On Tuesday, Glenn Beck explained and defended why he’s not a fan of using the term African American. Almost immediately, those comments led to several articles throughout the mainstream media blasting him. On Wednesday, then, Beck took time to explain why those articles misconstrued what he said.
The biggest offender according to Beck? The Huffington Post.
In a piece titled "Glenn Beck: Term 'Colored' Is 'Not A Bad Thing,' 'African American' Is 'Ridiculously Stupid' (AUDIO)," HuffPo said beck "insisted" that "'colored' was a better term." That was news to Beck, who on his radio show Thursday delivered a nearly 15-minute response.
"Never did I say that," Beck said. "Never." He pointed to the use of quotes in the headline, which he said showed he didn't make one continuous statement and that HuffPo had to pull from different parts of his comments to put together an attack.
"The Huffington Post yesterday or printed today something that is the biggest lie, fabrication, out of context evil I think I've seen and I've seen a lot," he said earlier in the program. "The Huffington Post takes something so far out of context, it's not even close and you have to ask yourself, 'why?'"
"Now, if you listened to the program yesterday, you know that is not what I said," he added later. "That is so far from taking something out of context. That is a total and complete smear on my reputation."
Beck pointed to a transcript from Tuesday's discussion to show the context:
GLENN: The truly amazing thing what she said at the end if you can't be true to yourself, what are you doing. If you can't find courage now you're not going to find it when you really need it. It does take courage. That's why we just had Restoring Courage. You have to not care about political correctness anymore. It doesn't matter. Pat correct me if I'm wrong, didn't you feel ridiculously stupid everywhere in Africa, in Europe, in South America, in Jerusalem, when you would say the say the words African-American?
PAT: Oh, yeah. Because it doesn't apply there.
GLENN: It doesn't apply. Now how can people be one thing in one country, and nowhere else in the world?
STU: Such a great point: What are you supposed to say? What is the acceptable term?
PAT: We don't know.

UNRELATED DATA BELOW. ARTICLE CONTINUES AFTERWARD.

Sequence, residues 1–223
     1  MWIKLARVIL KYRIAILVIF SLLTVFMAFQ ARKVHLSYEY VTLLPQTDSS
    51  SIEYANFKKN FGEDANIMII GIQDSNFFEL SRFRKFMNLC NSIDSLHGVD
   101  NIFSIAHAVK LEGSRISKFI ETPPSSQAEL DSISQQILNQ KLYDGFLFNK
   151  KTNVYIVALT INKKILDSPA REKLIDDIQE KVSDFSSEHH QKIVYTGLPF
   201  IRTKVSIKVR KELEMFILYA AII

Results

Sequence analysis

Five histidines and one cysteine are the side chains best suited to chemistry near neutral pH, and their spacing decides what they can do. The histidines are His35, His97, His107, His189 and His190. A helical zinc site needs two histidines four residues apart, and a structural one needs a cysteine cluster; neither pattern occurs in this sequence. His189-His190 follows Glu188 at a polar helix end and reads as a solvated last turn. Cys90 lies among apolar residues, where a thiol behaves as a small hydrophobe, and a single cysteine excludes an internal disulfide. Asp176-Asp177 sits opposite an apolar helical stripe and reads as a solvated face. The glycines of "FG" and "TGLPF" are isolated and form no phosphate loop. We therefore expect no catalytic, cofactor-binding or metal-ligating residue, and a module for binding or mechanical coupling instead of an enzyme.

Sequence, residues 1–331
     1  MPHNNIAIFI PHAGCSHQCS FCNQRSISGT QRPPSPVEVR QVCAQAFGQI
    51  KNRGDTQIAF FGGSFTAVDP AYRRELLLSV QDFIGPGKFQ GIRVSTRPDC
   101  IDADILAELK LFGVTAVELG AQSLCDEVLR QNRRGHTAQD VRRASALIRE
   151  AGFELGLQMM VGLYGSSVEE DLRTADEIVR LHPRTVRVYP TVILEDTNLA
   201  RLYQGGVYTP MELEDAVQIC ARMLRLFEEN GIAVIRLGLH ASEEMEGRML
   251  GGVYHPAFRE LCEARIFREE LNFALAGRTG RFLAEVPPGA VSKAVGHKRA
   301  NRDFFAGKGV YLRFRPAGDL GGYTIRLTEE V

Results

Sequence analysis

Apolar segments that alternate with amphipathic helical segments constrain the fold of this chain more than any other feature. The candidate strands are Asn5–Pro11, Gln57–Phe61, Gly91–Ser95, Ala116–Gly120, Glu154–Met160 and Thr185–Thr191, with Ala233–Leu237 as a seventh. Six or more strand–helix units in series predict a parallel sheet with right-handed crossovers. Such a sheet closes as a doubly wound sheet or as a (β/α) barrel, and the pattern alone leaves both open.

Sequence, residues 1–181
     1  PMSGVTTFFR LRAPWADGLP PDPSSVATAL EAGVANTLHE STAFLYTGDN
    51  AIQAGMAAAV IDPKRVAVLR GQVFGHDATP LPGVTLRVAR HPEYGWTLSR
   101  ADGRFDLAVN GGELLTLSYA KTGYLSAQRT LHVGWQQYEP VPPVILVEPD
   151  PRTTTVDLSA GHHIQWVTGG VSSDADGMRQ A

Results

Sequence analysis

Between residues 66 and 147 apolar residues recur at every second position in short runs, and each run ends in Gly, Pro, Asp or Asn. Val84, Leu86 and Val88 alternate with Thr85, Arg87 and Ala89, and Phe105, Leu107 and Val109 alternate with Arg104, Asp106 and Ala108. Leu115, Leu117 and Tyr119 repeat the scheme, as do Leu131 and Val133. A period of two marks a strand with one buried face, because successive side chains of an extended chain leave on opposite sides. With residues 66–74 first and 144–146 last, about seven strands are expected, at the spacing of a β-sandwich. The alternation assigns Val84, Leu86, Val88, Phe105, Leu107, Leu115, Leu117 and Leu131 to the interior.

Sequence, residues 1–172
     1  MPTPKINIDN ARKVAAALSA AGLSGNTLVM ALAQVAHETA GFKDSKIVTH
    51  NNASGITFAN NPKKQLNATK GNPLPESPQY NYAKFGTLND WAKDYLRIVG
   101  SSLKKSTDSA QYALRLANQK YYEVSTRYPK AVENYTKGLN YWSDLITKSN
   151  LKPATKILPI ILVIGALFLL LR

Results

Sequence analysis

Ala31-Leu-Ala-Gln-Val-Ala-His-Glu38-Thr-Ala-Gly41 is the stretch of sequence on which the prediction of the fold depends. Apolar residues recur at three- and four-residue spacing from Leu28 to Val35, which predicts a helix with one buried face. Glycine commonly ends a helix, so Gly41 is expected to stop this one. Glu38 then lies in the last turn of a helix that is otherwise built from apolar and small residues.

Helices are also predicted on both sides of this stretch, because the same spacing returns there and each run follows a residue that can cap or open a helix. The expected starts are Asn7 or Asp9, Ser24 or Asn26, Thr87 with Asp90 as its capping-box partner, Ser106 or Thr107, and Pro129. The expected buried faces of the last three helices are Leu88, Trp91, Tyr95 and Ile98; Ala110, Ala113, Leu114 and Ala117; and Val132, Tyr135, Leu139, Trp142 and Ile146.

PAT: African British? African Israeli?
STU: Just like white.
GLENN: It's black. In South America or I mean in South Africa it's black and colored. And I don't remember the difference but there is a difference.
PAT: One was indigenous and the other had come from somewhere else.
GLENN: Yes, and I don't remember which one's which
PAT: I don't either.
GLENN: Maybe it was colored that was also Indian or elsewhere.
PAT: But we have been taught here that colored is really a bad thing to say. Because, 'What color are they?" Well, okay, you got us to stop saying that but in other parts of the world they still do.
GLENN: Yeah, and it's not a bad thing. Only here. Why are we made to feel bad? Notice this. African-American was not made to do anything except try to create a Superman, 'oh don't you dare feel bad about yourself, you're African-American.' No, you're an American. Instead of building the country up and saying 'look it, we all have the right here in this country. Look what happened with Martin Luther King. That makes you an American.' Judge not by the color of your skin. And you weren't over in Africa. You're great great grandfather was, your great great great great grandfather may have been, but you weren't. And sure this country sucked for blacks. Sucked. Beyond sucked for a long time. But it doesn't now. It doesn't now. Be proud to be an American.
Video of the relevant section from Tuesday's show is below:
"The point of this monologue yesterday was, you feel how ridiculous it is when you are-- you can't just go up to someone and say...'hey, you're a group of African Americans,' you'd never say that, but you can't say that because it's inaccurate," Beck said passionately, and agreed with his co-host Stu that people apply labels for "no reason." The two then pointed to part of the discussion where Stu praised blacks because they are "American:"
I've always felt it's such an insult, the idea of African-American, that they for some reason need to have some qualifier...some distinction as if they're different from us. They're Americans. They're just like us. They are 100% Americans. They deserve every right. And they have every responsibility that everyone else has.
"I'm explaining what's happening in South Africa!" Beck exclaimed after Stu pointed out that he's not advocating for Americans to use the term "colored."
He then scolded the media for seeming to have an agenda and issued a warning: "But the American people are already seeing through you. They're already seeing through you. You're so arrogant and so lost you don't even know that you're time is coming to an end."
"It's coming," he said.
Watch the entire clip below: